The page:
American Heritage® Dictionary of the English Language, Fourth Edition
- n. A plot of land used for the cultivation of flowers, vegetables, herbs, or fruit.
- n. Grounds laid out with flowers, trees, and ornamental shrubs and used for recreation or display. Often used in the plural: public gardens; a botanical garden.
- n. A yard or lawn.
- n. A fertile, well-cultivated region.
- n. An open-air establishment where refreshments are served.
- n. A large public auditorium or arena.
- v. To cultivate (a plot of ground) as a garden.
- v. To furnish with a garden.
- v. To plant or tend a garden.
- v. To work as a gardener.
- adj. Of, suitable to, or used in a garden: garden tools; garden vegetables.
- adj. Provided with open areas and greenery: a garden community.
- adj. Garden-variety.
- idiom. lead To mislead or deceive (another).
Century Dictionary and Cyclopedia
- n. A plot of ground devoted to the cultivation of culinary vegetables, fruits, or flowering and ornamental plants. A garden for culinary herbs and roots for domestic use is called a kitchen-garden; one for flowers and shrubs, a flower-garden; and one for fruits, a fruit-garden. But these uses are sometimes blended.
- n. A rich, well-cultivated spot or tract of country; a delightful spot.
- Of, pertaining to, or produced in a garden: as, garden implements or plants.
- To lay out or cultivate a garden; work in a garden, or in the manner of a gardener.
- To cultivate as a garden: generally in the past participle.
- Common; ordinary: as, a garden hen; garden proceedings.
- n. An outdoor area containing one or more types of plants, usually plants grown for food (vegetable garden) or ornamental purposes (flower garden).
- n. in the plural Such an ornamental place to which the public have access.
- n. The grounds at the front or back of a house.
- n. figuratively A cluster, a bunch.
- n. slang Pubic hair or the genitalia it masks.
- v. intransitive to grow plants in a garden; to create or maintain a garden.
- v. intransitive, cricket of a batsman, to inspect and tap the pitch lightly with the bat so as to smooth out small rough patches and irregularities.
- adj. Of, relating to, in, from or for use in a garden.
- adj. Common, ordinary, domesticated.
GNU Webster's 1913
- n. A piece of ground appropriated to the cultivation of herbs, fruits, flowers, or vegetables.
- n. A rich, well-cultivated spot or tract of country.
- v. To lay out or cultivate a garden; to labor in a garden; to practice horticulture.
- v. To cultivate as a garden.
- n. the flowers or vegetables or fruits or herbs that are cultivated in a garden
- n. a yard or lawn adjoining a house
- v. work in the garden
- n. a plot of ground where plants are cultivated
- From Anglo-Norman, Old Northern French gardin (compare modern French jardin from Old French jardin), diminutive (cf. Vulgar Latin hortus gardinus) or oblique form of *gard (compare Old French jart), from Old Low Franconian *gardo 'fenced in yard, garden' (compare Dutch gaarde, gaard), from Proto-Germanic *gardô (compare West Frisian gard, Low German Garden, German Garten), from Proto-Germanic *gardaz (“yeard”). More at yard. (Wiktionary)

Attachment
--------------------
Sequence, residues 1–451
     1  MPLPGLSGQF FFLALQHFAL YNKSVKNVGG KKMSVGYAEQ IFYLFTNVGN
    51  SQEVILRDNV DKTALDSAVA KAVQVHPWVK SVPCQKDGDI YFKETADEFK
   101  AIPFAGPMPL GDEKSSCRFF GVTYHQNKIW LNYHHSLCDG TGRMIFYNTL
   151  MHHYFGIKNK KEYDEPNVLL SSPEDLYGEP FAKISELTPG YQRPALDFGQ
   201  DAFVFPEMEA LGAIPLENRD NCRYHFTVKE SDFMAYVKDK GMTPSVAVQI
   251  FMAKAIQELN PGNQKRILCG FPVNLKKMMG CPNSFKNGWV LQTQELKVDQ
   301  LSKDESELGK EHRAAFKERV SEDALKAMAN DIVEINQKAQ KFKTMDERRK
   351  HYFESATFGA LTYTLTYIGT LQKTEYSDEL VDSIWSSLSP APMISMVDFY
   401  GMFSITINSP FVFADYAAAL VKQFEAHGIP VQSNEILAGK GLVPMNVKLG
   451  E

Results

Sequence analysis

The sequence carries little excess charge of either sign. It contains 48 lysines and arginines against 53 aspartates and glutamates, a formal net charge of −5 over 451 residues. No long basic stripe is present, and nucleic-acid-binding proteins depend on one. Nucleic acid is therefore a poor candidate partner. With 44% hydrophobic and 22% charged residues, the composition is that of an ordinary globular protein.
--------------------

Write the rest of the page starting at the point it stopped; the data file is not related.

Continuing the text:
- Middle English gardin, from Old North French, from gart, of Germanic origin; see gher-1 in Indo-European roots. (American Heritage® Dictionary of the English Language, Fourth Edition)
“He claims that ˜five foot garden hose™ is an individuative term since no part of it is a five foot garden hose, but ˜garden hose™ is not individuative.”
“An elderly waiter with trembling hands was hurriedly spreading a pink and white checked cloth over the rusty green iron table, saying: If the lady and gentleman wish to take their tea in the garden, if the lady and gentleman wish to take their tea in the garden ”
“_And they heard the voice of the Lord God walking in the garden in the cool of the day: and A dam and his wife hid themselves from the presence of the Lord God among the trees of the garden_.”
“But ... how put such transcendental facts into common or garden (for it is _garden_) language?”
“He paced about his apartments, feeling a sort of physical delight, opening his window and looking out on the commonplace garden through which so many ministers had passed and which he called, as so many before him had done: _My garden_.”
“_Lodovico discovereth to Madam Beatrice the love he beareth her, whereupon she sendeth Egano her husband into the garden, in her own favour, and lieth meanwhile with Lodovico, who, presently arising, goeth and cudgelleth Egano in the garden_ 344”
“The Morning Prayer Hall courtyard features a salsabil, or paradise water fountain, as its centerpiece, while the main garden is inlaid with a network of small water canals connected to a central fountain.”
“Age and hygienic necessities bind me to a somewhat anchoritic life in pure air, with abundant leisure to meditate upon the wisdom of Candide's sage aphorism, "Cultivons notre jardin" -- especially if the term garden may be taken broadly and applied to the stony and weed-grown ground within my skull, as well as to a few perches of more promising chalk down outside it.”
“It seems kind of ironic since my garden is always expanding.”
“Your garden is my dream come true ... only, can you get them same results without all the work?”
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